Both the Democratic Party and the Republican Party encountered problems in the presidential primaries this election cycle: the selection of a GOP candidate who is erratic and unpresidential and a Democratic primary that was overshadowed by the possible veto of the people's choice by superdelegates. One can easily assume that both parties will be looking to revise their primary rules. Here is a suggestion that the party leaders might want to consider.
There are three problems with primaries:
The parties no longer nominate their own candidates.
They have lost control of a vital party function. As a result, the national parties are weakened, and party leadership has devolved almost solely to a gaggle of lawmakers and whoever is president. This is a personality-based system. Parties used to be known for their histories and principles — factors that provided substantive guideposts for voters' decisions. With primaries, anyone can come forward and run under the party label, and the candidates do not have to subscribe to the principles of the party. Parties are stuck with whoever survives the two-year primary season.
Voters are given an impossible job.
Voters today have to learn about a multitude of candidates in order to make an informed decision. Most do not have the time to do this. And so, news commentators and news program producers are elevated to an overly high position in the nominating process. They decide how much each candidate is to be covered, which sound bites to pick, and which campaign ads to show. And since news programs must show a profit, the more spectacular or salacious a candidate's comment or behavior, the more likely it will be dwelled upon. No candidate's full stump speech is ever shown. The whole thing is treated like a horse race with little substance.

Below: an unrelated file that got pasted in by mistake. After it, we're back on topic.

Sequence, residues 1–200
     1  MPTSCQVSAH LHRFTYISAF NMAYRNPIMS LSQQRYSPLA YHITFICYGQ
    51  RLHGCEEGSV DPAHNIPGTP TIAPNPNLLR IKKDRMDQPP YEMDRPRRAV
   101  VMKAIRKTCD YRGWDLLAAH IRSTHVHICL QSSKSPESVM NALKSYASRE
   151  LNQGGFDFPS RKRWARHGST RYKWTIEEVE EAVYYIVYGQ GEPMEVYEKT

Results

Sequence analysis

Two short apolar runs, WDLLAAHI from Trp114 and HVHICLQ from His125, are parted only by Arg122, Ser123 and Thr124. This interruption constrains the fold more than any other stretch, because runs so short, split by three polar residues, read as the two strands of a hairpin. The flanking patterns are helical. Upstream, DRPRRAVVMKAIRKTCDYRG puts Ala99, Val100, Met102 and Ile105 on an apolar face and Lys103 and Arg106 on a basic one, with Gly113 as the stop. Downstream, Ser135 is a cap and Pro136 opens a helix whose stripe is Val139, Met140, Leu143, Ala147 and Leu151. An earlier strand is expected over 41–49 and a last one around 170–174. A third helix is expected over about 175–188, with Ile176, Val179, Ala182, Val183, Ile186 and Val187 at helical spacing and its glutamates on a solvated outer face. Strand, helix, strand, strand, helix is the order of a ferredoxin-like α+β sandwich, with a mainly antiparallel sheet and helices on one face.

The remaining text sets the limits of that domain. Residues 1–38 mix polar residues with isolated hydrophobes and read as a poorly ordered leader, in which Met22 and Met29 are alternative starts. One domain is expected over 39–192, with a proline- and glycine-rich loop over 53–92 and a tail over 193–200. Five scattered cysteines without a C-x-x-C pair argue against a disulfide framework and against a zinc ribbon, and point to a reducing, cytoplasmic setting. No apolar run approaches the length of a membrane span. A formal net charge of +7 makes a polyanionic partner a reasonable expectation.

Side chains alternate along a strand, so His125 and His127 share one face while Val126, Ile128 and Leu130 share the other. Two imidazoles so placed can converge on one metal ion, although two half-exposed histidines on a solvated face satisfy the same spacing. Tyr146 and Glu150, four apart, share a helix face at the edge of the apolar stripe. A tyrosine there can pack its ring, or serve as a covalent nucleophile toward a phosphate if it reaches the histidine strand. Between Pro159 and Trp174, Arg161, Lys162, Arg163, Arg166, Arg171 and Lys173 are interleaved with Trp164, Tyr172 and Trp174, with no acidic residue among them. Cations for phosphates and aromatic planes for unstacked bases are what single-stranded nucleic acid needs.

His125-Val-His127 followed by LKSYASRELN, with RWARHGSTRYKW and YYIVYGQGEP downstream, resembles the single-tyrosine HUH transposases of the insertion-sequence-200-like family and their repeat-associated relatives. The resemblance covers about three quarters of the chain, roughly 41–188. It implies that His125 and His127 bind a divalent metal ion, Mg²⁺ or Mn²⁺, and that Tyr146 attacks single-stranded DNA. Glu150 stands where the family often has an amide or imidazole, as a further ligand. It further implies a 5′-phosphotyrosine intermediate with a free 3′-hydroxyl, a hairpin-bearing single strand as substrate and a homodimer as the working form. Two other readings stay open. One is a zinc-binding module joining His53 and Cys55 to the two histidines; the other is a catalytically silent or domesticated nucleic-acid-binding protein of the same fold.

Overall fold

Primaries provide an inviting stage on which demagogues can perform.
We should have learned from the southern primaries before WWII that primaries foster demagogues. Candidates with strong personalities, who are good entertainers, make exaggerated promises, and appeal to the prejudices of their audiences often win. Historians may remember Huey Long, Ben Tillman and Theodore Bilbo — it was only a matter of time before a demagogue would enter our current primaries.
There is a better way to nominate presidential candidates, one that gives an important role to both the party and the people. It is called the pre-primary convention.
Here’s how it works. Each party holds an old-fashioned convention in February of the presidential election year. Delegates to this convention are chosen by state and local party organizations, preferably using caucuses. Candidates who receive at least 18 percent, say, of the delegate vote at the convention would be "endorsed," and would be the only candidates eligible to run in their party's primary.
The primaries would be much the same as they are now, except there would be no excuse for the Democratic Party to have superdelegates since the party leaders would already have a major role in vetting the candidates at their convention.
The candidate with a majority of votes in their primary, using an instant runoff ballot, would be officially nominated. If no candidate receives a majority of votes, second-place or even third-place choices would be counted. A post-primary convention would no longer be necessary.